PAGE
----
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Posts tagged with "photography"

Pixelmator Pro 2.1 Adds ML Crop, Quick Fill Color, and Text Tool Updates

The team at Pixelmator has released an update to its Mac photo and image editing tool Pixelmator Pro that includes several new features.

Teased last month, Pixelmator Pro 2.1 has been updated with ML Crop, a machine learning-based cropping tool that algorithmically suggests ways to crop your images. The feature joins several other machine learning-based features that the app has added in the past couple of years. In my limited testing, ML Crop works well, suggesting crops based on the subject of photos that are more dramatic and focused on the image’s subject. The entire cropping process is non-destructive, so even if you aren’t entirely happy with a suggested crop, it can be used as a starting point and easily tweaked manually.

Source: Pixelmator.

Source: Pixelmator.

Pixelmator Pro has evolved into more than just a photo editor. The app includes powerful image creation tools that got an update today too. Quick Fill is a fast way to fill an image layer with color by simply dragging the color from the app’s new color well that also supports switching between foreground and background colors.

The app has added a Stroke with Brush feature that facilitates painting with the app’s brushes along the path of shapes and image layers too. The feature joins a new brush picker and an option for smoothing strokes. Also, the Type tool has been updated to add a slider that quickly resizes text and the ability to control paragraph spacing.

There are other smaller refinements throughout the app too. For instance, when you hover the pointer over a predefined crop, your image updates with a preview of what the new crop will look like. The feature works dynamically in tandem with ML Crop when that feature is turned on, and there are now multiple crop overlay options in the latest update like the Rule of Thirds, the Golden Ratio, the Golden Spiral, and others. Image perspective can be adjusted, and the background of the app’s editor can be changed too. For a quick demo of the highlights, Pixelmator’s announcement video is worth watching:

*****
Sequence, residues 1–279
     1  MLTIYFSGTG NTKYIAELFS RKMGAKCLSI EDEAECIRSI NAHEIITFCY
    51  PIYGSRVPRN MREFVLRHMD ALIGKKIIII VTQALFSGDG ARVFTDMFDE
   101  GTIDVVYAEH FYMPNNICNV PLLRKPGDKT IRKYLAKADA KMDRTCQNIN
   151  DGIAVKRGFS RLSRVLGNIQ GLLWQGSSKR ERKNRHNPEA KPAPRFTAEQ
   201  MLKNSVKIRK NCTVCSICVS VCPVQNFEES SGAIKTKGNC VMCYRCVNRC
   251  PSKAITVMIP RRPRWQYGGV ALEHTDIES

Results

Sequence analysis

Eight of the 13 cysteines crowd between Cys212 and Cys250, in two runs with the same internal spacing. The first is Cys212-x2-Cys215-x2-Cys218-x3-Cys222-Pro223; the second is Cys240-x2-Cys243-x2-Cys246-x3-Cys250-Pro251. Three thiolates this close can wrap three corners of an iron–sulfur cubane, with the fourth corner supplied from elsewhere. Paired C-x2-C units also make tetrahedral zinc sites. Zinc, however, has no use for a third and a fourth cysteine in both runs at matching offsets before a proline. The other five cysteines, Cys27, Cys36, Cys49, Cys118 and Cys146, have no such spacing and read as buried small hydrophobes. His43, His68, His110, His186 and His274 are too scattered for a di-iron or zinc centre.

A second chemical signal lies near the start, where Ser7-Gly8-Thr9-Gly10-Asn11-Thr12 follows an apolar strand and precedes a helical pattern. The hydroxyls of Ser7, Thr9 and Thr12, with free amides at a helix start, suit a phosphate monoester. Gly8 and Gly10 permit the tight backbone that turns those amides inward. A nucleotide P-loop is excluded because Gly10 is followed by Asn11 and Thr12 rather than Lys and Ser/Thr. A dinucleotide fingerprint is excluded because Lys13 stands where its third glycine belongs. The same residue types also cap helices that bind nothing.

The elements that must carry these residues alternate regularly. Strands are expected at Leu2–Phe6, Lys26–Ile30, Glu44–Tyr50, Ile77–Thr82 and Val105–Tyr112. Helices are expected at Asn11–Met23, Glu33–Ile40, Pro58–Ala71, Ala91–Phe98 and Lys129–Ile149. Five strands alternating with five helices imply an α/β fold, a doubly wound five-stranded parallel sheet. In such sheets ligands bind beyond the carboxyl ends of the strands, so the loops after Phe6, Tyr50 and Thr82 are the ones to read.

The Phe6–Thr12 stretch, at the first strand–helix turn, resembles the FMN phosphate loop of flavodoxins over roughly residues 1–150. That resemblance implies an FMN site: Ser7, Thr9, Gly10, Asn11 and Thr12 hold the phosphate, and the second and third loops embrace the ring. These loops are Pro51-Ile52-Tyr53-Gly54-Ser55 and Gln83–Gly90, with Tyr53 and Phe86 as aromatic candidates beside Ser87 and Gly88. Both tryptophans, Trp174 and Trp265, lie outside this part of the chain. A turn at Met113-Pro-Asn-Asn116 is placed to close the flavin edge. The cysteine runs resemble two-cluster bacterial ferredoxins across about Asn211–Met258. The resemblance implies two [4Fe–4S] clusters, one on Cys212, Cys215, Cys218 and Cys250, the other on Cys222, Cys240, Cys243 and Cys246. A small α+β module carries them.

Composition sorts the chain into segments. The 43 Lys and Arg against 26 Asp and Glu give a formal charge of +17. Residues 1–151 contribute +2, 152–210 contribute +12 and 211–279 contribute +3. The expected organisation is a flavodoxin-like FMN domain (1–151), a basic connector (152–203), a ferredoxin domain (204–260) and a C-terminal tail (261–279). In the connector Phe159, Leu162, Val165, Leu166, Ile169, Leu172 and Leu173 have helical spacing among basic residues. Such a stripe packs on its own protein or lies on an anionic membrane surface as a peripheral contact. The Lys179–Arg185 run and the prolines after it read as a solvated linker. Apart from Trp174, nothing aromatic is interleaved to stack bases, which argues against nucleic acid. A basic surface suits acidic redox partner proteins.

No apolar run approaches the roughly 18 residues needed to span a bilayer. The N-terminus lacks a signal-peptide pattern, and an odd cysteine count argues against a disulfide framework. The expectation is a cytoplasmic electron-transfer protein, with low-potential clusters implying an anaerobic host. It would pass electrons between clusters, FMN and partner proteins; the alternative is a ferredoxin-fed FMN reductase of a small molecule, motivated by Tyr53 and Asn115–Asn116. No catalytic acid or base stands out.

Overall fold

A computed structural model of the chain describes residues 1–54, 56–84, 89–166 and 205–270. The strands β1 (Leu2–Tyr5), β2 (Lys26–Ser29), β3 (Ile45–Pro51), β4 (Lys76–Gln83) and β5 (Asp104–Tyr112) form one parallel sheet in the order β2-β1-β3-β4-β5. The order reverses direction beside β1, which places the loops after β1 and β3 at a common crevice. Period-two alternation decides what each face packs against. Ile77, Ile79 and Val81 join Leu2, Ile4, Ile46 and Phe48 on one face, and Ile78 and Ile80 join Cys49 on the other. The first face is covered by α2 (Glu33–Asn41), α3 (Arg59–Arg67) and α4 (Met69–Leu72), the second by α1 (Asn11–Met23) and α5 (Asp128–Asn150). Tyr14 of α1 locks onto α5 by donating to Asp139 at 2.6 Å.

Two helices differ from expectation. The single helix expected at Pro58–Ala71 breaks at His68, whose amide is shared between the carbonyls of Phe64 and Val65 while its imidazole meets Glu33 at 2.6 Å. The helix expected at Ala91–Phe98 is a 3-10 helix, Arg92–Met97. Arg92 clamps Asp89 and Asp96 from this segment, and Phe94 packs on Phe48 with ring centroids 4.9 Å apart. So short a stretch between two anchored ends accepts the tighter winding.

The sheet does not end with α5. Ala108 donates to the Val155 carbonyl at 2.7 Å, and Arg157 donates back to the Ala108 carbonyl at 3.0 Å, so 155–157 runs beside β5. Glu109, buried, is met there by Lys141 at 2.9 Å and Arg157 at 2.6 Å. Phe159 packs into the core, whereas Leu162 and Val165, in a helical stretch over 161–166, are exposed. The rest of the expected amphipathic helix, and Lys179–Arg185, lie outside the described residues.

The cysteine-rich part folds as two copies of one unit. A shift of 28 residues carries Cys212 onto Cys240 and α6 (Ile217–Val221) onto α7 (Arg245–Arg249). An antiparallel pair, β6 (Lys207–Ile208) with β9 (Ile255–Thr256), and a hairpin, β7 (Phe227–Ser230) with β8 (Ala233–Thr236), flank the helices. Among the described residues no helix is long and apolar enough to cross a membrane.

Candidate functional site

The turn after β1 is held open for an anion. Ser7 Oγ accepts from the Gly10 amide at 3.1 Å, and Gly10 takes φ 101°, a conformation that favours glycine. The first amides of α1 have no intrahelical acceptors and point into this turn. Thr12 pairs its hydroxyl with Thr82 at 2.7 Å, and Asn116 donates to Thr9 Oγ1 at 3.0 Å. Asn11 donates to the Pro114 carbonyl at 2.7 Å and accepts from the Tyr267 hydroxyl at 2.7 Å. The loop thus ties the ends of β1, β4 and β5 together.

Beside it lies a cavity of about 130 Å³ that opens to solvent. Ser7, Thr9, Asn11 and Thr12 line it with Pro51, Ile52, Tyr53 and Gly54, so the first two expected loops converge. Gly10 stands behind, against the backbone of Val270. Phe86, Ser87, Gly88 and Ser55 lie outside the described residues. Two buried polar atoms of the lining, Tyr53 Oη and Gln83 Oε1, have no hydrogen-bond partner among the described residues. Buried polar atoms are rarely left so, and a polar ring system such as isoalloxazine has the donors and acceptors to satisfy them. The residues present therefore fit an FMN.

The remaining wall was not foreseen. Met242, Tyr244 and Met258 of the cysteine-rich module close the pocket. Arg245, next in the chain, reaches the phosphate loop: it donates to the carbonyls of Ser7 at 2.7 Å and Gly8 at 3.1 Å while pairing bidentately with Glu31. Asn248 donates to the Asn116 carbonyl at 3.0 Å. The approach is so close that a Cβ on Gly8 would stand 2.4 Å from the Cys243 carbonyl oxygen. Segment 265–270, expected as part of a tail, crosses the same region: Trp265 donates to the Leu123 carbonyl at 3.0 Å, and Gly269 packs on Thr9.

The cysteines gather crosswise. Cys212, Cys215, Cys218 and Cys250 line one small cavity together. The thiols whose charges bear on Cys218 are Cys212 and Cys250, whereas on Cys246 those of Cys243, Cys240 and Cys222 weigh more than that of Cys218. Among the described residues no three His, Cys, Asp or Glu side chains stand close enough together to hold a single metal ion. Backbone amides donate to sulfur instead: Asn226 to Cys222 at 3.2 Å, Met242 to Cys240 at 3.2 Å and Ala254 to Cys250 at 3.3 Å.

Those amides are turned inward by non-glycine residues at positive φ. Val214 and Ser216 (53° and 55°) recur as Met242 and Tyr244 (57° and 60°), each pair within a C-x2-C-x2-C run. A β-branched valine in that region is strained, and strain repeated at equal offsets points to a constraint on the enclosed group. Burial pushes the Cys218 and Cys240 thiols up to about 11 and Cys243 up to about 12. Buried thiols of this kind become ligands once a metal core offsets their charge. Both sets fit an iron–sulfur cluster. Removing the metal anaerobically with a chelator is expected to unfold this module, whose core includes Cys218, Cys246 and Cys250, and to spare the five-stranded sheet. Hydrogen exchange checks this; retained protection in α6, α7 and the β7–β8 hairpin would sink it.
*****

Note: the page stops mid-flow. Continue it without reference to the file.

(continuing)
I haven’t had a chance to try all the new features of Pixelmator’s latest release yet, but I like what I’ve seen so far. The app’s machine learning-based features are fast, especially on an M1 Mac, and they work well in most circumstances. Even when the results aren’t exactly what I want, the app’s machine learning tools are a handy head start with editing.

Pixelmator 2.1 is a free update on the Mac App Store, and currently, the app is available for $19.99, which is 50% off of its usual price until July 6th.


Photo Editing and Management App Darkroom Adds Extensive Shortcuts Support

Photo editing and management app Darkroom, which added a new Clarity tool last month, has added substantial new Shortcuts actions to the app that allow users to automate a wide variety of its features for the first time. The update is notable because it allows Darkroom to work hand-in-hand with other apps, something which few photography apps do. For now, the shortcuts are available in Apple’s Shortcuts app on iPhones and iPads, but this fall, when macOS Monterey is released, the Darkroom team says that it plans to offer the same actions on the Mac.

The update features five Shortcuts actions:

  • Import to Darkroom
  • Flag Photos
  • Reject Photos
  • Add Photos to Favorites
  • Edit With Darkroom
Darkroom can automate cropping to a long list of aspect ratios.

Darkroom can automate cropping to a long list of aspect ratios.

The Import to Darkroom action adds images to Darkroom and can simultaneously apply a filter with the intensity you choose, set a frame aspect ratio with an inset, and optionally prepare the processed image for export. The Edit With Darkroom action can also apply filters and apply a frame to an image and adds the ability to crop an image to any of a long list of preset aspect ratios and add a watermark to images, all without opening Darkroom. Cropping an image has also been added as an edit that can be pasted to multiple images inside the Darkroom app itself.

The Flag, Reject, and Favorite actions do as you’d expect, allowing you to mark images accordingly without doing so from inside Darkroom itself. Flagging and rejecting photos is a recent addition to Darkroom, which I previously covered on MacStories.

It’s fantastic to see Darkroom adding such deep support for Shortcuts. The app itself is one of my favorite photo editors. However, by freeing its core features from the app itself, Darkroom gains the advantage of becoming part of more complex photo-editing workflows, automatically processing images in multiple apps, without the images having to be opened sequentially in each app. I’ve just begun to scratch the surface of what Darkroom’s new Shortcuts actions can do, but the possibilities are intriguing.